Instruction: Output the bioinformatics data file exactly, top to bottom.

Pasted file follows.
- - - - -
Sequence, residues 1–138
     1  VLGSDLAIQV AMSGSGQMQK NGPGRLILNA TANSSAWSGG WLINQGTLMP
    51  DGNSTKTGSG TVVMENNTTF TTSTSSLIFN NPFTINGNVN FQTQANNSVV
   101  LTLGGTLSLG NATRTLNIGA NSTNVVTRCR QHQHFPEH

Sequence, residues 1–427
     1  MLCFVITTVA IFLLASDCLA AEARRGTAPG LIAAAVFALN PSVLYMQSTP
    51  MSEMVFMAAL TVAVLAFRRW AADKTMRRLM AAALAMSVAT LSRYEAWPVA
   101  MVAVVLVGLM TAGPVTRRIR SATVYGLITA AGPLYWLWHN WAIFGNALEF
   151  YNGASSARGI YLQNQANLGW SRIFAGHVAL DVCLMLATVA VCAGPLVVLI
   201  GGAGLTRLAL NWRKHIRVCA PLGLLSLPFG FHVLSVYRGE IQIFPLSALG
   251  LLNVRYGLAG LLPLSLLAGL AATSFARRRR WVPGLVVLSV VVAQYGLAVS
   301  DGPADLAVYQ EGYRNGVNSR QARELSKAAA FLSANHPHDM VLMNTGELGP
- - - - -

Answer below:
Sequence, residues 1–138
     1  VLGSDLAIQV AMSGSGQMQK NGPGRLILNA TANSSAWSGG WLINQGTLMP
    51  DGNSTKTGSG TVVMENNTTF TTSTSSLIFN NPFTINGNVN FQTQANNSVV
   101  LTLGGTLSLG NATRTLNIGA NSTNVVTRCR QHQHFPEH

Sequence, residues 1–427
     1  MLCFVITTVA IFLLASDCLA AEARRGTAPG LIAAAVFALN PSVLYMQSTP
    51  MSEMVFMAAL TVAVLAFRRW AADKTMRRLM AAALAMSVAT LSRYEAWPVA
   101  MVAVVLVGLM TAGPVTRRIR SATVYGLITA AGPLYWLWHN WAIFGNALEF
   151  YNGASSARGI YLQNQANLGW SRIFAGHVAL DVCLMLATVA VCAGPLVVLI
   201  GGAGLTRLAL NWRKHIRVCA PLGLLSLPFG FHVLSVYRGE IQIFPLSALG
   251  LLNVRYGLAG LLPLSLLAGL AATSFARRRR WVPGLVVLSV VVAQYGLAVS
   301  DGPADLAVYQ EGYRNGVNSR QARELSKAAA FLSANHPHDM VLMNTGELGP